• Full-fat dairy: Butter, cream, aged cheese, and full-fat yogurt are high-fat staples in the Atkins diet.
  • Eggs: A great source of both fat and protein, eggs also provide the additional benefits associated with omega-3s.
  • Nuts and seeds: Almonds, macadamia nuts, walnuts, and sunflower seeds are all great choices.
  • Healthy fats: Cold-pressed oils like olive oil and butter are preferred on Atkins.

Do not eat:

  • Sugars: All types of sugar are no-no on Atkins. This includes honey, agave nectar, and foods or beverages sweetened with sugar.
  • Refined oils: Avoid refined oils such as sunflower, soybean, and corn oil. These are high in omega-6 fatty acids (not to be confused with omega-3s), which are sometimes linked to inflammation, making weight loss difficult.
  • High-carb vegetables and fruits: Potatoes, carrots, turnips, bananas, apples, and mangoes are some examples. Once you reach the pre-maintenance phase, you can enjoy these in moderation.
  • Grains and legumes: Both are exceptionally high in carbs, so don’t even look at them.
  • Trans fats: Partially-hydrogenated oils and some margarines have unhealthy trans fats, which are linked to cardiovascular diseases. You definitely don’t want that.

Sample meal plan (after induction phase)

Breakfast: A bowl of steel-cut oatmeal made with full-fat milk, topped with fresh blueberries.
Lunch: Apple muffins made from almond flour and pecans, sweetened with stevia.
Dinner: Beef stroganoff over whole-wheat noodles with steamed broccoli on the side.

About the Keto Diet

A low-carb diet that’s been in the spotlight for a decade or so is keto, which is also a high-fat, adequate-protein diet.

However, it’s been around for much longer than that.

The main difference between Atkins diet and ketogenic diet is ketosis: a metabolic state of enhanced fat burning and elevated ketones that can replace glucose as fuel for energy.

Researchers developed the ketogenic diet (aka keto) in the 1920s to manage severe epilepsy in children, after studies found that limiting carbs causes ketosis, a known cure for epilepsy. It’s only recently that keto became popular for weight loss and better health.

But now you’re probably wondering, what’s the difference between a low-carb diet and a keto diet?

The main difference is that it causes ketosis — a metabolic state of enhanced fat burning and elevated ketones. Ketones are a compound that can replace glucose in many chemical reactions in the body, like serving as fuel for energy. The keto diet, ketosis, and ketones help with weight loss but also things like better brain health and a lower risk of heart disease and type 2 diabetes 3,4.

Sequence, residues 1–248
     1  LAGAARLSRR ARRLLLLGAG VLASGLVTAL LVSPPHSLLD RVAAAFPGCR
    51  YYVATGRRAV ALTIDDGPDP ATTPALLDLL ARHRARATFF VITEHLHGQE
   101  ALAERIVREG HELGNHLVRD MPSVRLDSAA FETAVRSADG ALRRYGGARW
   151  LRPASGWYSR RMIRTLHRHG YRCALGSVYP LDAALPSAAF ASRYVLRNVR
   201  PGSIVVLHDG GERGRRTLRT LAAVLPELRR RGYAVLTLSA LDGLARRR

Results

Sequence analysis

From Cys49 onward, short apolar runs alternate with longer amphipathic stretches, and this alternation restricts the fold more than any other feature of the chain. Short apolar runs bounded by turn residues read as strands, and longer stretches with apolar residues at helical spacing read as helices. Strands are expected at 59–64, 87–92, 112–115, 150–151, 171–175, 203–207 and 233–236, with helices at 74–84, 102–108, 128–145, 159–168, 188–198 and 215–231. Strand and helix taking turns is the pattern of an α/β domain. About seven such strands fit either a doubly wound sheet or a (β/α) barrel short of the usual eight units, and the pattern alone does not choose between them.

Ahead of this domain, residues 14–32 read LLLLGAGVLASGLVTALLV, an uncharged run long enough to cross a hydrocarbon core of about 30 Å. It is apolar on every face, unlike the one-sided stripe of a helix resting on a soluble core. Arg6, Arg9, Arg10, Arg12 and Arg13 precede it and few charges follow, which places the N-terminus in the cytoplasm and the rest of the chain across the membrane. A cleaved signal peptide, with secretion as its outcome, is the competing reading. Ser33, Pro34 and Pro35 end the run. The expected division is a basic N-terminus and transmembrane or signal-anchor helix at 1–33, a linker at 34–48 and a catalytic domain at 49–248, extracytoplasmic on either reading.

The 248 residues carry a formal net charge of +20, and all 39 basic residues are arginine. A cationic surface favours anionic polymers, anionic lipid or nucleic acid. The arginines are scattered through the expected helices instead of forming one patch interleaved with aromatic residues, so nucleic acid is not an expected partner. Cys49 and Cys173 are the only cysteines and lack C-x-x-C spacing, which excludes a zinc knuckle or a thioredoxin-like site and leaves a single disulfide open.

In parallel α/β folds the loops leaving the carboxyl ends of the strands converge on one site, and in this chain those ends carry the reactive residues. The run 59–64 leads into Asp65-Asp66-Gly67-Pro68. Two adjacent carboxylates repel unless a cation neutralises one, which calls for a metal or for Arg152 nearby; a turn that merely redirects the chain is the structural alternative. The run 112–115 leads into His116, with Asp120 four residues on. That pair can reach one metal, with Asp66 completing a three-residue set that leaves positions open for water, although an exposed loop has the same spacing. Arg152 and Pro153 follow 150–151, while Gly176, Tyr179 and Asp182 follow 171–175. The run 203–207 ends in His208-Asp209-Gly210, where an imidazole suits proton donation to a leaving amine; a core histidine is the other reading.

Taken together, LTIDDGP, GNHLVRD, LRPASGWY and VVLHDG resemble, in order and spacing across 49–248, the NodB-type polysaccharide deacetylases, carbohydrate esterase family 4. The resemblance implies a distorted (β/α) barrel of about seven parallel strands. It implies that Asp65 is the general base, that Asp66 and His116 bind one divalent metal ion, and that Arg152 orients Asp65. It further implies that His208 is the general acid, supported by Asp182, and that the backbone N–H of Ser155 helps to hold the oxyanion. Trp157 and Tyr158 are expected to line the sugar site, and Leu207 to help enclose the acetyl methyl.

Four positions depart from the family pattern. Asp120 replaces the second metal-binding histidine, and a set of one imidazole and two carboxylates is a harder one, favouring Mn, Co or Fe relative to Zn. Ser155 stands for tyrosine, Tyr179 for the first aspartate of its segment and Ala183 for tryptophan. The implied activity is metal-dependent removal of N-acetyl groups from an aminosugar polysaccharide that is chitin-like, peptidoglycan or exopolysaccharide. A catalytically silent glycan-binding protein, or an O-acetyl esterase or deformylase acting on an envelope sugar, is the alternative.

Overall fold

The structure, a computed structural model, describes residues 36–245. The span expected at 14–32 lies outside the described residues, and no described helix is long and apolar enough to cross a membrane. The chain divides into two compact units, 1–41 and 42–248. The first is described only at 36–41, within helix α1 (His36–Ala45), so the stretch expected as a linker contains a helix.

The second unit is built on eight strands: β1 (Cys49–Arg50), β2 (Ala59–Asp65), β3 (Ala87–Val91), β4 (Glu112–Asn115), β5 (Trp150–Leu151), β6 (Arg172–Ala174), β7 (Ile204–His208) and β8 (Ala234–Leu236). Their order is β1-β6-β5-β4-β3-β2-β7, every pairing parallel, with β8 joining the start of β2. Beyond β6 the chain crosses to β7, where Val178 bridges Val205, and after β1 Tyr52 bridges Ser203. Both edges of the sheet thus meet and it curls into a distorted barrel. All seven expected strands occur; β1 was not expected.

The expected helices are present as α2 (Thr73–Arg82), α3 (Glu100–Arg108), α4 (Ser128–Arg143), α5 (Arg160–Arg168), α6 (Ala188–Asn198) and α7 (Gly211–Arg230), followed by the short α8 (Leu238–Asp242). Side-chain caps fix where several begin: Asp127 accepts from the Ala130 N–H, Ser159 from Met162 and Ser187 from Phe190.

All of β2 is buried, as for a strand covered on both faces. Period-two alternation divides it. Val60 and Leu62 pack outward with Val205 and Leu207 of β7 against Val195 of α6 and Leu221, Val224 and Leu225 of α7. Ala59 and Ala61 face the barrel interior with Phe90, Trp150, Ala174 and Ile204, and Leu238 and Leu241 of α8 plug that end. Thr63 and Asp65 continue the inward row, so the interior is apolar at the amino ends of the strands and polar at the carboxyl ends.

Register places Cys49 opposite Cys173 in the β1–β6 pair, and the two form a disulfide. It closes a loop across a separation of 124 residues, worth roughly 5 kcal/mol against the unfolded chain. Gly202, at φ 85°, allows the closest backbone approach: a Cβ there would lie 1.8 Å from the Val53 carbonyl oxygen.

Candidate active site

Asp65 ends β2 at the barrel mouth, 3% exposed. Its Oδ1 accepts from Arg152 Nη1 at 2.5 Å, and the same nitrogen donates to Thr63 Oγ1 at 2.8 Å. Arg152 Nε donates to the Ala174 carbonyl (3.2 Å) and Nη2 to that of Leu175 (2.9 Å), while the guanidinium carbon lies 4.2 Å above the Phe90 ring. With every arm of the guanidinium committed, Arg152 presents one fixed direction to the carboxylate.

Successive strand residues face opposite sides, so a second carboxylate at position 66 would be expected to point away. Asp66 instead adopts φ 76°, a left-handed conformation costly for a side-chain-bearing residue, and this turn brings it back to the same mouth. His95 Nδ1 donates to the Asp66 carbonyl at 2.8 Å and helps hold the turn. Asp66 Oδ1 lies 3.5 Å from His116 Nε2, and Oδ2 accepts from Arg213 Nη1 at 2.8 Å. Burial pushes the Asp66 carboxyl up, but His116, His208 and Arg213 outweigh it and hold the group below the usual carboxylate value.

Other things keto can do for you include:

  • Enhance mental clarity
  • Improve energy levels
  • Better manage or even reverse type II diabetes
  • Prevent some types of cancer
  • Control your appetite; and
  • Increase longevity

Like Atkins, the main principle of keto is carb restriction followed by higher fat intake. But there are many, many more intricacies to this diet.

Keto Diet Principles & Types

Be warned that the keto diet is strict, especially when it comes to macronutrient ratios (macros).

Keto macros are based on research that shows your metabolism changes drastically when you eat less than 50 grams of carbs daily 5.

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Here’s how they typically look like:

  • Carbs: 5-10% of calories
  • Protein: 20-30% of calories
  • Fat: 65-80% of calories

Eat this way and you’ll be in ketosis within a few weeks.

But how exactly does eating a certain way lead to ketosis?

Not enough carbs in your diet leads to drops in circulating insulin. In turn, decreased insulin brings about metabolic changes that discourage fat accumulation in the body. Besides that, after just a few days on keto, your glucose stores are too depleted to fuel the brain or other organs, so your body produces ketones as replacement fuel.

But ketosis is not the end goal of keto.

What you want to aim for is keto-adaptation, which is essentially your body becoming perfectly adapted to running on fat and ketones. What this gives you is consistent and long-lasting energy, an ability to maintain normal weight, and metabolic flexibility (which can make weight loss easier).

And now onto keto diet types:

  • Standard keto diet: This is the original version based around macros mentioned earlier. It provides health benefits such as weight loss, blood glucose control, and increased energy.
  • Cyclical ketogenic diet (CKD): Developed for bodybuilders and athletes on high-intensity training regimens, cyclical keto involves periods of carb-loading “re-feeds” (50 gram of net carbs, 5 days a week) and carb-loading days (up to 600 grams of carbs, 2 days a week) in addition to following a standard keto diet.
  • Targeted ketogenic diet (TKD): Targeted keto is eating your daily carb allotment 30 minutes before or after workouts. This version is ideal for endurance athletes or people who work out at a moderate intensity on a daily basis.
  • High-protein ketogenic diet: High-protein keto allows for a slightly higher intake of protein (about 5% more than standard keto). However, the amount of protein you consume daily still needs to be low enough to keep you in ketosis.
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What to Eat on Keto

Despite what you may have heard, there’s more to keto than eating bricks of butter with bacon on the side.

Here’s what delicious and nutritious food keto encourages:

  • Fatty cuts of meat: Beef brisket, beef ribs, T-bone steak, sandwich steaks, and ground beef (look for 75-80% lean or lower) are good options.